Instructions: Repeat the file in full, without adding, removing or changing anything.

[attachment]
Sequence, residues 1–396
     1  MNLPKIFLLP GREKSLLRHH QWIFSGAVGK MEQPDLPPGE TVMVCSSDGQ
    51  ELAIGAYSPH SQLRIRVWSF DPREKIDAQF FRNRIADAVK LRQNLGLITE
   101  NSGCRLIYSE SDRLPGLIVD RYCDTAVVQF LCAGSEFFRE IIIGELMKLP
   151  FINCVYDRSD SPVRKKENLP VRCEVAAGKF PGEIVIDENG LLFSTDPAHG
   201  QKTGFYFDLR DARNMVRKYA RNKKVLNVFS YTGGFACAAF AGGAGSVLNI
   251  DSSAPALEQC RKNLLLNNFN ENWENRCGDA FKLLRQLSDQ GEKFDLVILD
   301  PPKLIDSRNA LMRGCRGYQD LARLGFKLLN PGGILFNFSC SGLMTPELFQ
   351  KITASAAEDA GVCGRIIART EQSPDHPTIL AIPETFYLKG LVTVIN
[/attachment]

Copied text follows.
Sequence, residues 1–396
     1  MNLPKIFLLP GREKSLLRHH QWIFSGAVGK MEQPDLPPGE TVMVCSSDGQ
    51  ELAIGAYSPH SQLRIRVWSF DPREKIDAQF FRNRIADAVK LRQNLGLITE
   101  NSGCRLIYSE SDRLPGLIVD RYCDTAVVQF LCAGSEFFRE IIIGELMKLP
   151  FINCVYDRSD SPVRKKENLP VRCEVAAGKF PGEIVIDENG LLFSTDPAHG
   201  QKTGFYFDLR DARNMVRKYA RNKKVLNVFS YTGGFACAAF AGGAGSVLNI
   251  DSSAPALEQC RKNLLLNNFN ENWENRCGDA FKLLRQLSDQ GEKFDLVILD
   301  PPKLIDSRNA LMRGCRGYQD LARLGFKLLN PGGILFNFSC SGLMTPELFQ
   351  KITASAAEDA GVCGRIIART EQSPDHPTIL AIPETFYLKG LVTVIN